Are inexpensive “transparent” solar cells reaching a new efficiency record, are windows generating electricity appearing?


Dye-sensitized Solar Cells Can Turn Glass Windows into Solar Panels

Looking to the future: Dye-sensitized solar cells (DSC) are cheap, transparent and flexible. A promising technology has set a new record for the efficiency of converting visible light into electrical energy, making it suitable for use as windows collecting energy.

A group of scientists from the Federal Polytechnic School of Lausanne (EPFL) in Switzerland has developed a new type of dye-sensitized solar cells (DSC). Its vastly improved efficiency promises cheap, transparent and ubiquitous panels generating energy. Widespread adoption can help the world build a future free of fossil fuels and greenhouse gases.

Modern DSC, also known as Gretzel cells, were invented by Brian O’Regan and Michael Gretzel in 1988 as an alternative to an inexpensive solar cell. Based on a semiconductor formed between a photosensitized anode and an electrolyte, the photoelectrochemical system converts electromagnetic radiation into electrical energy. The panels are transparent and cheap to produce. They can be made in several colors, and they are already used in some buildings with glass facades, such as the Swiss Tech Convention Center.

In addition, flexible DSCs can be produced, that is, they can be embedded in portable electronic devices and IoT devices. Modern dye-sensitized solar cells are sold on a large scale, but they are less efficient than conventional solar panels in converting sunlight into energy.

Recent advances in photosensitizers and other DSC components have improved conversion efficiency in both sunlight and ambient lighting conditions. Now the EPFL team has developed a new approach that can, for the first time, increase efficiency by up to 15.2% when simulating sunlight, while maintaining long-term stability of operation for more than 500 hours during testing. With an increase in the active area to 2.8 cm2, the energy conversion efficiency reached a maximum of 30.2 percent.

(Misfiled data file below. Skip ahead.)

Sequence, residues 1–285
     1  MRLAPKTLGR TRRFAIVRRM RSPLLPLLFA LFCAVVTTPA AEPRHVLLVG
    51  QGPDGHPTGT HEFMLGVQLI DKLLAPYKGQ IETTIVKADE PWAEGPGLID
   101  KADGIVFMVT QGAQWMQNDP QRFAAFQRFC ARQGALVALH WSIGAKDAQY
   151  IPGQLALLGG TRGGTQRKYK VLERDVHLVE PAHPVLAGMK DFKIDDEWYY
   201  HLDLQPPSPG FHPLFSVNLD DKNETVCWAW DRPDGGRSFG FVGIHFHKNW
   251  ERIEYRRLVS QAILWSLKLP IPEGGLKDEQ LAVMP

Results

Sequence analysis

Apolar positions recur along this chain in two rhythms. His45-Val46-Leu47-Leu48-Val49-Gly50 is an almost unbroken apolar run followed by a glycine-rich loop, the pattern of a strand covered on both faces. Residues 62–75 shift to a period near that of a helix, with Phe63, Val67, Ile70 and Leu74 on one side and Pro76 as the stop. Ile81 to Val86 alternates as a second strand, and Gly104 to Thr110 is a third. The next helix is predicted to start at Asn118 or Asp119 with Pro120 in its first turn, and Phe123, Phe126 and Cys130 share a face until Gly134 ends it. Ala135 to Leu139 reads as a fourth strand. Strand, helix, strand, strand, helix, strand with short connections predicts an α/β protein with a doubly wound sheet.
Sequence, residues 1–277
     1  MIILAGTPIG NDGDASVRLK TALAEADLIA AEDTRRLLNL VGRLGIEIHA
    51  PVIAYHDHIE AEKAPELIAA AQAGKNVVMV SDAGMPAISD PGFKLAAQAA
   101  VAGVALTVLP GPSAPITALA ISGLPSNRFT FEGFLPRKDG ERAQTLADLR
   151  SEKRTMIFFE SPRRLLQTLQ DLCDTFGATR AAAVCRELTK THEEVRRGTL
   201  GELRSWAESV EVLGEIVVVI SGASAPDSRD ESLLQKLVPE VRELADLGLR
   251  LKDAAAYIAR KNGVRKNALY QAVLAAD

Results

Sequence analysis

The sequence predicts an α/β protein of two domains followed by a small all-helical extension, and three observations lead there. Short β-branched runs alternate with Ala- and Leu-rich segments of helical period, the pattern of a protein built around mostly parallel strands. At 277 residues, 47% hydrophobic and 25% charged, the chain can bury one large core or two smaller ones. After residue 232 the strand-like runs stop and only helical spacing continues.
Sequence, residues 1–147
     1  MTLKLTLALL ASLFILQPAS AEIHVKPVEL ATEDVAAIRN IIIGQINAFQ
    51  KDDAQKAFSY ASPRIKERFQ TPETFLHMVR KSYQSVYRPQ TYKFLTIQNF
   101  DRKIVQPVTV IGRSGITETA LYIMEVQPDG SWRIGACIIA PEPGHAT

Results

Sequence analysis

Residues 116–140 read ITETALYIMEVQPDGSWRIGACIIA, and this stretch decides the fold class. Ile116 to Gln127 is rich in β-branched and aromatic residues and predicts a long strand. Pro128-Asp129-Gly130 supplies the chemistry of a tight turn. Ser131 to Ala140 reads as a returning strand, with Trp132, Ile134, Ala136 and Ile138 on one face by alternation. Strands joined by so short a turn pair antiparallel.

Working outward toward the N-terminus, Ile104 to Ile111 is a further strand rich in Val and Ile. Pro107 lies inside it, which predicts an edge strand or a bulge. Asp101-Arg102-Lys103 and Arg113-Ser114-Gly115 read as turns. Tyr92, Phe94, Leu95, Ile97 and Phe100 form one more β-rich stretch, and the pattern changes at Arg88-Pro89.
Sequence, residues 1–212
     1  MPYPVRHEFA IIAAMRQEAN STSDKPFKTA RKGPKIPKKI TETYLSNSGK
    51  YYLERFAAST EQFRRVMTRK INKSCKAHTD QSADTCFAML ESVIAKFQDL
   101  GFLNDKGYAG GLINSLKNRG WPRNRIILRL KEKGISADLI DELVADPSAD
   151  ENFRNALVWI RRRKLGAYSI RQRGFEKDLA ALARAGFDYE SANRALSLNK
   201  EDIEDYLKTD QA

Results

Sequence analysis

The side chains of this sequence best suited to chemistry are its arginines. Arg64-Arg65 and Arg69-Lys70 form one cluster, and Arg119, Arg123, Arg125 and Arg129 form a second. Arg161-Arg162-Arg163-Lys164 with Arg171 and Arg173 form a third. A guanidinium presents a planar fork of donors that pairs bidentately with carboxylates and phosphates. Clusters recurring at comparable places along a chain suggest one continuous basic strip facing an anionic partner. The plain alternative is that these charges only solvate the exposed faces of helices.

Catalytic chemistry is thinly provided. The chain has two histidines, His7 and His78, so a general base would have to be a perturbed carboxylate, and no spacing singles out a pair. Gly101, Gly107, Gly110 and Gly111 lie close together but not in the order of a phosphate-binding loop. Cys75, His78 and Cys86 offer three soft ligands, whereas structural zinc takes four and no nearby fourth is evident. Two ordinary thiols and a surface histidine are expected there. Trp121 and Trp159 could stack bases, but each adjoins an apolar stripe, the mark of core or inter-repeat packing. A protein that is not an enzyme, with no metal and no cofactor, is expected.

In their study published in the journal Nature, the scientists achieved groundbreaking results by improving the packaging of two newly developed molecules of photosensitizer-dye to improve the photovoltaic characteristics of DSC. The team explains that the new photosensitizers can collect light in the entire visible light region.

These new results “pave the way for easy access to high-performance DSCs and open up promising prospects” for various applications. Efficient DSCs may one day become power supplies and battery replacements for low-power electronic devices, using simple ambient light as the main source of energy. At the same time, large buildings and greenhouses can power the power grid, producing more energy than they consume.


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